Money is moving on Charlottesville affordable housing projects.

The City Council has approved distributing $2.4 million from the Charlottesville Affordable Housing Fund to the local Habitat for Humanity, the Albemarle Housing Improvement Program and the private affordable housing development Carlton Views.

“I have some questions about the accountability piece for the organizations applying for funding,” Mayor Nikuyah Walker said during Monday’s council meeting. “I just want to make sure we put something in place to ensure that when we are investing taxpayers’ dollars that there’s quality, even though these are much-needed services.”

Walker had received several complaints from residents of Carlton Views, and Councilor Wes Bellamy had gone there earlier Monday to hear from residents in person.

Stacy Pethia, the city’s housing program coordinator, said she had heard some concerns about Carlton Views, as well, and had spoken with Fountainhead Properties, which is developing the site.

“Inspectors did go out and inspect the property, and things are being fixed on the exterior of the building, definitely,” Pethia said. “[Fountainhead Properties is] not happy with the property management company that they’re working with.”

The final phase of Carlton Views will receive $1,440,000 from the CAHF. The planned apartment building will house 12 people making less than 40 percent of the area median income and another 36 people making less than 60 percent of AMI.

Councilors’ concerns extended beyond Carlton Views. Walker also said she had heard from residents of Habitat properties but had addressed those issues with Habitat President Dan Rosensweig.

Walker also said she had personal concerns about AHIP. She previously has alleged that AHIP’s repair work on her home was of poor quality and that the costs of the repairs were inflated.

AHIP’s project, which was awarded $375,000, will help low-income homeowners with critical home repairs. Habitat will use its $585,000 CAHF award toward a down-payment assistance program, a rental-to-homeownership program in gentrifying neighborhoods and to building 16 affordable homes in existing market-rate neighborhoods.

The awards are coming out of a larger pool of funding than in previous years. In 2017, the council decided to double the city’s annual commitment to CAHF.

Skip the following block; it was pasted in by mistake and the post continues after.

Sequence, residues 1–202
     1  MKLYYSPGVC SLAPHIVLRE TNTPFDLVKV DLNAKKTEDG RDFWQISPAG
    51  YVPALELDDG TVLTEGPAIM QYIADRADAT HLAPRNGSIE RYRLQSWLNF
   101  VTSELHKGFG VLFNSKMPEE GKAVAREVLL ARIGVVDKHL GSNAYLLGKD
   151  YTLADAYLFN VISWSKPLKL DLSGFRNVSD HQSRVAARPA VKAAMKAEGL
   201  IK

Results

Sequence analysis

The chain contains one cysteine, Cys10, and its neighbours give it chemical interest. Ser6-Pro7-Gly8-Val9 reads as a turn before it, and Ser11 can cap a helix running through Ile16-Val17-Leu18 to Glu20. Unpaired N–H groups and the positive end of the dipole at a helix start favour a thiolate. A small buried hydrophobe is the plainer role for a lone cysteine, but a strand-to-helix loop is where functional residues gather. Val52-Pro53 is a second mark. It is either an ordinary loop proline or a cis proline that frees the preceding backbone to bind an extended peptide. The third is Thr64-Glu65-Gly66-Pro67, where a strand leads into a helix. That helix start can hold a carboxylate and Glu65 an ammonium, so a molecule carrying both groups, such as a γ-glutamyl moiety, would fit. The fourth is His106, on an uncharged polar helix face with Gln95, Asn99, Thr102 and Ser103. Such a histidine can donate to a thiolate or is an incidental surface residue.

“This is obviously relatively new that this level of funding is going out every year. There are a few years of history here now, so you’re going to start to hear those things,” Councilor Heather Hill said in support of an accountability mechanism.

Hill was a nonvoting member of a subcommittee of the Housing Advisory Committee that met with city staff in June to review CAHF applications.

Councilor Kathy Galvin asked City Attorney John Blair whether the contract between the city and the recipients of the money could be amended to include regular inspections. Blair said his office would look into a clawback provision, which would require funding recipients to return part of the grant if they didn’t meet certain quality standards.

“The council, as part of the grant agreement, would ask that there’s an independent inspection, and then over a time period, in which the inspections would be conducted, there would be standards within the agreement to meet,” Blair said. “That’s typical in economic development agreements to have a clawback provision.”

After discussing other potential legal issues such as tenant privacy, the City Council voted, 3-2, to award funding to AHIP and Carlton Views, with Bellamy and Walker opposed. The resolution to award funding to Habitat passed unanimously.


Emily Hays grew up in Charlottesville and graduated from Yale in 2016. She covered growth, development, and affordable living. Before writing for Charlottesville Tomorrow, she produced a podcast on education and caste in Maharashtra, India.